I picked this book up last January because I really liked the cover. I know, never judge a book by it's cover, but c'mon!!! You can't tell me that a pretty cover doesn't draw you in!! The author, Antonia Fraser, has written another one of my favorite books The Wives of Henry VIII, so I already knew I liked her writing style. Needless to say, when I started the book, I was disappointed. None of the pizazz of her other book seemed to be present in this one. I love it when I'm wrong about a book. Not only was this one of the best books I've read all year, it is written in such a way that you begin to feel like you are reading a novel rather than an historical biography.

This book was the inspiration for the movie Marie Antoinette with Kirsten Dunst. The movie couldn't be further from the book. I didn't enjoy it at all. The book was INFINITELY better!!
It starts with Marie Antoinette's childhood. Personally, I'm more interested in the French Revolution story of her than her childhood, which could be the reason why I didn't like the beginning of the book. Regardless, Fraser gives a very detailed account of what life was like for Antoine (as she was known before she went to France) in Austria. The story of her life continues with the tragic culmination of her execution by the guillotine. After spending 300+ pages with Marie Antoinette, I felt a weird sense of loss. Of course, if you know the history of her life, you know what is coming in the book, but it still was a incredibly moving moment.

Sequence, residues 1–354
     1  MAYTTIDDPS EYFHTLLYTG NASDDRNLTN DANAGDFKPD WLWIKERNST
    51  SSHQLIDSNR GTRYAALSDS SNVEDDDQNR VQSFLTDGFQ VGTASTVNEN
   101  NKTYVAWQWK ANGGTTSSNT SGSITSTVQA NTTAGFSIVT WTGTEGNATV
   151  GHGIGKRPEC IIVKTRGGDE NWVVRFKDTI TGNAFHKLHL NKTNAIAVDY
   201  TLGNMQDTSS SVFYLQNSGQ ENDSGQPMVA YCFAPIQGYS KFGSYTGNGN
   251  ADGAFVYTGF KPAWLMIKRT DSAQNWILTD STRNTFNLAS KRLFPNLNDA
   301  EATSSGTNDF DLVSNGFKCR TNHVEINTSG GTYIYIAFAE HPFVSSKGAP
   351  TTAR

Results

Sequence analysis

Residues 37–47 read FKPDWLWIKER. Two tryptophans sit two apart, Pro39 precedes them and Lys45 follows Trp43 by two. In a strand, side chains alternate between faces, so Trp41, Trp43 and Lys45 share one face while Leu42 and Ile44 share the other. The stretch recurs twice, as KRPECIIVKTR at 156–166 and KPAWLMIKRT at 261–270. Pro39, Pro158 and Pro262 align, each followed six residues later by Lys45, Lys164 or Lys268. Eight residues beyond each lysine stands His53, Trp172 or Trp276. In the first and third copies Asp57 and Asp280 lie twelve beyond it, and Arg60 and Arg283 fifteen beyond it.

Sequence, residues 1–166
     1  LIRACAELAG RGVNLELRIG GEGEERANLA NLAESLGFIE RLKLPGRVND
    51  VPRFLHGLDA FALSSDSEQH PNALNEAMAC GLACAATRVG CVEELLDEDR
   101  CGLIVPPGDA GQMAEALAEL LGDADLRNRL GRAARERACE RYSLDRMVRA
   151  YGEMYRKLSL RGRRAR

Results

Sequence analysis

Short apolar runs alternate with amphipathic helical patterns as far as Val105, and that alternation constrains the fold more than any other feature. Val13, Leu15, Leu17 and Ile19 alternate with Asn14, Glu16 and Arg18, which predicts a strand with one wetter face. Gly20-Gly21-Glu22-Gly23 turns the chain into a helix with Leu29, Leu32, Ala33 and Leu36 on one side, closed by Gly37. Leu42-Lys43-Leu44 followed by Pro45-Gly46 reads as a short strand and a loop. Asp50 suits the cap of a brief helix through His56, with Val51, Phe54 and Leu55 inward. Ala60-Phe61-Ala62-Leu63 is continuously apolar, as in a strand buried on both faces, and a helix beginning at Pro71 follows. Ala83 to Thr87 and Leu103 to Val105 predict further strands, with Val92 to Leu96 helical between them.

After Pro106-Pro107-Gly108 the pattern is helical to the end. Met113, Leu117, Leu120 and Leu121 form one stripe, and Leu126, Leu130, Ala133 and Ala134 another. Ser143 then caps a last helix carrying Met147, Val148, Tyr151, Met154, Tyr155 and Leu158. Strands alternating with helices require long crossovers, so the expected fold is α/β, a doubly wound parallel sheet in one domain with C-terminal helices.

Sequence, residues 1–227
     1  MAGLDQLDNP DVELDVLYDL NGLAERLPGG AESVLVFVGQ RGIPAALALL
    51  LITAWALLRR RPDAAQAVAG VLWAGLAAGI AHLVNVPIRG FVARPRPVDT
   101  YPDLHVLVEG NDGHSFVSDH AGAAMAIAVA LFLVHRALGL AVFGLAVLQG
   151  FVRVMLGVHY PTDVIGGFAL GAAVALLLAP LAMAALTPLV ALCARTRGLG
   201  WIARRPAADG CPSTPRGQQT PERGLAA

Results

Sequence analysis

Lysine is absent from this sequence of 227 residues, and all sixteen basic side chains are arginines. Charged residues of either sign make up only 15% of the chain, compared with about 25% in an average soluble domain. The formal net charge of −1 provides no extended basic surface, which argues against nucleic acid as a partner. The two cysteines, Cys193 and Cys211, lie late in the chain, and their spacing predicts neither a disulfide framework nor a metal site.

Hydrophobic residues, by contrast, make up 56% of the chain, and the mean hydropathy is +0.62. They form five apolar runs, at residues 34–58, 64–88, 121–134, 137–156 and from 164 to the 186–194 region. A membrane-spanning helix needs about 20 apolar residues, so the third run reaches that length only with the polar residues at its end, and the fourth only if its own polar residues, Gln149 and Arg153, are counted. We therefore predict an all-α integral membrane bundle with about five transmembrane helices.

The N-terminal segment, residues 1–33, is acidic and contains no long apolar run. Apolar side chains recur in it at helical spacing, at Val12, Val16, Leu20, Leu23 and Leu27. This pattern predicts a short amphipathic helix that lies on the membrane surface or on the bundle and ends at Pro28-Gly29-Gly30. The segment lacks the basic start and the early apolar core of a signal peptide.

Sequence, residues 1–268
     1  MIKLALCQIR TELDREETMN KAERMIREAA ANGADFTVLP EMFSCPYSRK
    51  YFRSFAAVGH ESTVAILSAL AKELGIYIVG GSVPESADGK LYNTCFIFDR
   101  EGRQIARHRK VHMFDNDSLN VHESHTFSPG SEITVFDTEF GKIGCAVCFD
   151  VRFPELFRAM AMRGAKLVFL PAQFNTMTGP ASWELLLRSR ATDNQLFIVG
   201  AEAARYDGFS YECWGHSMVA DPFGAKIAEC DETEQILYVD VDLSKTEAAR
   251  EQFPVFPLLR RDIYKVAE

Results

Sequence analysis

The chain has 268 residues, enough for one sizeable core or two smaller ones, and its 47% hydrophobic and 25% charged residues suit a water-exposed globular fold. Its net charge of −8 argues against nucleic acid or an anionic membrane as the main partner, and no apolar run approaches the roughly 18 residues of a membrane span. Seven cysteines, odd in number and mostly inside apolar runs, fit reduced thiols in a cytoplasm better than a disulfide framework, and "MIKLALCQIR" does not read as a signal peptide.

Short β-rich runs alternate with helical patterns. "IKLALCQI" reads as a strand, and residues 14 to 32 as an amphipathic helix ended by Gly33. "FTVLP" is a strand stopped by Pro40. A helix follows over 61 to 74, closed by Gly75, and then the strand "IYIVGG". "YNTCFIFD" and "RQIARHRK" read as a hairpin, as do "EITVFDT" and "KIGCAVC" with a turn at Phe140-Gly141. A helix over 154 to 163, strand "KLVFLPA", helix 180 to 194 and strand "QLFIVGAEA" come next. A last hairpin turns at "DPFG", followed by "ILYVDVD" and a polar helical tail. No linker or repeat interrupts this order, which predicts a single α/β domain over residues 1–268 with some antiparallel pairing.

I highly recommend this book, as it gives great detail to Marie's life, an interesting insight into what she lived through, and the reality that she was a woman who was one of the many casualties of Madame Guillotine.

Reading books

I read constantly. Reading is a great escape. When you delve into a good book, it can take you anywhere in the world. I've been reading books since I was four years old, and I haven't stopped!! When I read a really fantastic book, I have to talk about it to someone, anyone. Most of my friends don't read, or if they do, the books they pick up aren't something that I would read. So what did I do?? Create a blog! Where I can talk about different books I have read, get opinions from others, and share my genuine love of books and knowledge.

I'm really into history, so a lot of what I read revolves around different parts of history that I enjoy. I also read a lot of random things. I'm a member of the Good Reads community, and if you are really into books, I suggest heading over there and joining up!

This year, I have presented a challenge to myself: read 60 books by the end of December. I'm currently working on my 37th. So, I have a lot of material to start blogging about!!!